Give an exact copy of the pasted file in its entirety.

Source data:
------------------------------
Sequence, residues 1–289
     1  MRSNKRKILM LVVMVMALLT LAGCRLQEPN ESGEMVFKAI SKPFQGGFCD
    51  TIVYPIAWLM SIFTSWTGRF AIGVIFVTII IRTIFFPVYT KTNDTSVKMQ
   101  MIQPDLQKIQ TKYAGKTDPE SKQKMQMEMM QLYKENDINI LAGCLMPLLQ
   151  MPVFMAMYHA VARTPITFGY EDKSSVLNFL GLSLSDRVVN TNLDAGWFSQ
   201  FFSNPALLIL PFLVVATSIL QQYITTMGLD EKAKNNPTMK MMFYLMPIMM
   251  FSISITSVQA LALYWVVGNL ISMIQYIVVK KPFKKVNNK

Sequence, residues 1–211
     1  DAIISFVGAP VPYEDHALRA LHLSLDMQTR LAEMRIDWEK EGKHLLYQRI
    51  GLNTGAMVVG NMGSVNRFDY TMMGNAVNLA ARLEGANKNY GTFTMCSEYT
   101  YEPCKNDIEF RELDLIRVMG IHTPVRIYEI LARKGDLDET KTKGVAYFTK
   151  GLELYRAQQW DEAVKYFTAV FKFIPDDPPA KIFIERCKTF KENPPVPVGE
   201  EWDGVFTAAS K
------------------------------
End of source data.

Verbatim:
Sequence, residues 1–289
     1  MRSNKRKILM LVVMVMALLT LAGCRLQEPN ESGEMVFKAI SKPFQGGFCD
    51  TIVYPIAWLM SIFTSWTGRF AIGVIFVTII IRTIFFPVYT KTNDTSVKMQ
   101  MIQPDLQKIQ TKYAGKTDPE SKQKMQMEMM QLYKENDINI LAGCLMPLLQ
   151  MPVFMAMYHA VARTPITFGY EDKSSVLNFL GLSLSDRVVN TNLDAGWFSQ
   201  FFSNPALLIL PFLVVATSIL QQYITTMGLD EKAKNNPTMK MMFYLMPIMM
   251  FSISITSVQA LALYWVVGNL ISMIQYIVVK KPFKKVNNK

Sequence, residues 1–211
     1  DAIISFVGAP VPYEDHALRA LHLSLDMQTR LAEMRIDWEK EGKHLLYQRI
    51  GLNTGAMVVG NMGSVNRFDY TMMGNAVNLA ARLEGANKNY GTFTMCSEYT
   101  YEPCKNDIEF RELDLIRVMG IHTPVRIYEI LARKGDLDET KTKGVAYFTK
   151  GLELYRAQQW DEAVKYFTAV FKFIPDDPPA KIFIERCKTF KENPPVPVGE
   201  EWDGVFTAAS K